Vaccines for preventing anthrax.
Background: Anthrax is a potentially fatal bacterial disease with cutaneous, inhalation, and gastrointestinal forms. Three anthrax vaccines are commercially available, but their comparative effectiveness and safety is not clear. Objectives: To assess the effectiveness and safety of vaccines against human anthrax in relation to adverse effects and disease incidence. Study selection criteria: Prospective randomized, quasi-randomized, and cluster randomized controlled trials comparing anthrax vaccines with placebo, other (non-anthrax) vaccines, or no intervention. Data collection and analysis: Six reviewers independently assessed trial methodological quality and extracted data. Adverse effects data was collected from the trials. Main results: Two trials involving 16,052 people met the inclusion criteria. Both trials had methodological limitations. Compared to placebo, vaccination was associated with a reduced risk of contracting anthrax (Relative Risk 0.16; 95% confidence interval 0.07 to 0.35). In the one trial reporting adverse effects, the killed vaccine was associated with a higher incidence of adverse effects compared to the placebo (Peto odds ratio 5.15; 95% confidence interval 2.28 to 11.61). Just over 5% of participants in the vaccine group reported adverse effects. The effectiveness of the vaccine does not appear to be influenced by the route of inoculation (scarifaction compared to needless injection - odds ratio 1.61; 95% confidence interval 0.39 to 6.75). Conclusions: Killed anthrax vaccines appear to be effective in reducing the risk of contracting anthrax with low rate of adverse effects. Further research should be carried out on the short and long term safety effects of available vaccines and if possible their effectiveness.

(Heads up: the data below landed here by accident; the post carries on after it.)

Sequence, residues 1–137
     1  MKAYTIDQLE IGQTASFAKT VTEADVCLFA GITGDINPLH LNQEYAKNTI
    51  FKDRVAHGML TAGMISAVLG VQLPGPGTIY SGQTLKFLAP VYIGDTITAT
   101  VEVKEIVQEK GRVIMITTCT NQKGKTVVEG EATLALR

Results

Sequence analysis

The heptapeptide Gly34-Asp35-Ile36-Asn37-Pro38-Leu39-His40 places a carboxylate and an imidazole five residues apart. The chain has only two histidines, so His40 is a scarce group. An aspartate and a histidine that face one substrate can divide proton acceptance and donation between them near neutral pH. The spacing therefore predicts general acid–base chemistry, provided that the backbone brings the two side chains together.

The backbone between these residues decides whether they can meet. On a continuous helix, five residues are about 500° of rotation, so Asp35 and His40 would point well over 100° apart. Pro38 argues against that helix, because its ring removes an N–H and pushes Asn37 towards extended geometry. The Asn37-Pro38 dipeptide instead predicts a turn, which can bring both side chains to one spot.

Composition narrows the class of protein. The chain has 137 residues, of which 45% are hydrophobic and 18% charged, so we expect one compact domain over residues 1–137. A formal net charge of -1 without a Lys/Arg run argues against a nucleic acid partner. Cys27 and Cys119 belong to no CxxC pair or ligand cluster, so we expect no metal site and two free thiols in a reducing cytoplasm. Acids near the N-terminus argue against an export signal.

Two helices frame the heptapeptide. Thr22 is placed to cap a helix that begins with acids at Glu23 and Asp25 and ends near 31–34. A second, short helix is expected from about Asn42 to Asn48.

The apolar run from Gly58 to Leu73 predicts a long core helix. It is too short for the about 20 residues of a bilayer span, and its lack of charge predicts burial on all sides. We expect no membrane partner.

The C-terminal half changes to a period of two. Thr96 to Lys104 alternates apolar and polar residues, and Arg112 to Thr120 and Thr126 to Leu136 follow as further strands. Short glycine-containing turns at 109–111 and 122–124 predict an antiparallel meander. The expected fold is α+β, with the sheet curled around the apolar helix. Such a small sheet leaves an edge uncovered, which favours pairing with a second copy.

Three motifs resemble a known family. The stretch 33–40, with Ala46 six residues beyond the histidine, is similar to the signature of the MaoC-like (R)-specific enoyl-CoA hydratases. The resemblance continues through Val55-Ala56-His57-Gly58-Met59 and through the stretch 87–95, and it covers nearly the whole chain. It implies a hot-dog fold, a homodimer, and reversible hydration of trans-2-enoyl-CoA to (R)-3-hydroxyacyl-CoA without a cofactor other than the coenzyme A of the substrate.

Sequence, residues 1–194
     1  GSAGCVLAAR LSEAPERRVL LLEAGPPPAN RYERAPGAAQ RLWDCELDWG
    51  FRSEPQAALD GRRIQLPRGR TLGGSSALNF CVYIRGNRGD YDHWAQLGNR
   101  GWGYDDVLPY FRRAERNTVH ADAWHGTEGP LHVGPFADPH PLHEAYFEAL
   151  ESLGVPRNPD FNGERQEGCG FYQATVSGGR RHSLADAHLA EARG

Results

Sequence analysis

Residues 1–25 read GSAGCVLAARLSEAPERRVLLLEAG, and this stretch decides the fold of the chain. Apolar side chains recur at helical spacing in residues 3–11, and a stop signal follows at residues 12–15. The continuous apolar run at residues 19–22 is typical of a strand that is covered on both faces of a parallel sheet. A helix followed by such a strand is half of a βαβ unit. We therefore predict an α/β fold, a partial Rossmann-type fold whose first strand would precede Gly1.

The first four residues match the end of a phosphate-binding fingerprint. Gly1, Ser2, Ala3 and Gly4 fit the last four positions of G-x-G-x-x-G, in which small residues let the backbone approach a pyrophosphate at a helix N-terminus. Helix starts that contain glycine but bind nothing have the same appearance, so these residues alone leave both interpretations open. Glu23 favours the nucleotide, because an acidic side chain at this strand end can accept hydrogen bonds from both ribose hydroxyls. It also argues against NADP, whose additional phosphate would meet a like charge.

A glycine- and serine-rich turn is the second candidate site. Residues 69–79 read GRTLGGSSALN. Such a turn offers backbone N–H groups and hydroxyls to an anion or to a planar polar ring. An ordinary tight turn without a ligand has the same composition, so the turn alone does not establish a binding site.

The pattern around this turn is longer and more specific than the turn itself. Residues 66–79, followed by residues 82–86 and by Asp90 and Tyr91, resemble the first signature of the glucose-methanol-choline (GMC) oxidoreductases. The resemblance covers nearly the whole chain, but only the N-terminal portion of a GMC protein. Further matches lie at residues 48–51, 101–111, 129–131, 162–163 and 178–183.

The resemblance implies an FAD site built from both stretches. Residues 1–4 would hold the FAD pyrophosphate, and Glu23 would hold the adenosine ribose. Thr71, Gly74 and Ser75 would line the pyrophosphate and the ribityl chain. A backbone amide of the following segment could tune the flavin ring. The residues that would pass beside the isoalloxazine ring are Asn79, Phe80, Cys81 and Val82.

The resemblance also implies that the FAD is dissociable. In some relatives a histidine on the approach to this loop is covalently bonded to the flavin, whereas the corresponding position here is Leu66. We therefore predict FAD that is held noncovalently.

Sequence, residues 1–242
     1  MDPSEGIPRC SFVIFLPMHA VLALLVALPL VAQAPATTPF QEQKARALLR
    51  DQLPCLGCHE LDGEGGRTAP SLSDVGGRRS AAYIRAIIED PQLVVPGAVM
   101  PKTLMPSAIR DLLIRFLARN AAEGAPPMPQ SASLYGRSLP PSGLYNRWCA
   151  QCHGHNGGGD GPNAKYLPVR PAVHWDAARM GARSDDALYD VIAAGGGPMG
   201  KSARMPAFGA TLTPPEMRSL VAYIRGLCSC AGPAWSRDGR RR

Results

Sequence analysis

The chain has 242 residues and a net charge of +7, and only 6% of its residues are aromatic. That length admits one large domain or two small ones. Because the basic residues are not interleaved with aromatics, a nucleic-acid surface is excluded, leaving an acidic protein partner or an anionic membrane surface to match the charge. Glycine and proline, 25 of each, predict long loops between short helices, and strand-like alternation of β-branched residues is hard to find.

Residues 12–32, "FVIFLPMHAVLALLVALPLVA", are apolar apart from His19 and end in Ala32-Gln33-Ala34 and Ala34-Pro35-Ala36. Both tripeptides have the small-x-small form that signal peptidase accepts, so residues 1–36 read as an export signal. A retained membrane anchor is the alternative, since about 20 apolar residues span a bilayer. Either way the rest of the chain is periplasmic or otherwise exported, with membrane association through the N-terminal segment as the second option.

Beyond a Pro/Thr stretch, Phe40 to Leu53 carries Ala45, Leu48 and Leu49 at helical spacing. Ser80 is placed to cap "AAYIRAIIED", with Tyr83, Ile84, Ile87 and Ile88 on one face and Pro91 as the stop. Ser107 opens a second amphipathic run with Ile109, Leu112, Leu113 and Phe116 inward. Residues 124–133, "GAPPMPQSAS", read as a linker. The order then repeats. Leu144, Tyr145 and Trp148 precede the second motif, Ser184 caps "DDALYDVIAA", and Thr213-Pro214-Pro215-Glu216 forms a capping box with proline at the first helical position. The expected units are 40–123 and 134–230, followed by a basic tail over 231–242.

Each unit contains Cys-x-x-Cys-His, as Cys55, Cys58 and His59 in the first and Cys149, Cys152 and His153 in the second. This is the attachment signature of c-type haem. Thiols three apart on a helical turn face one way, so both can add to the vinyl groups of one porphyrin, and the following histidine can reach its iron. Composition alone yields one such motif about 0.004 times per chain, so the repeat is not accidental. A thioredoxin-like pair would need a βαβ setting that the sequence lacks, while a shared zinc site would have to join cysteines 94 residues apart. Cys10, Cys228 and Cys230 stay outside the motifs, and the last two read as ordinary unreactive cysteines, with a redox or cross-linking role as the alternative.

The Cochrane Database of Systematic Reviews 1998, Issue 1. Art. No.: CD000975. DOI: 10.1002/14651858.CD000975.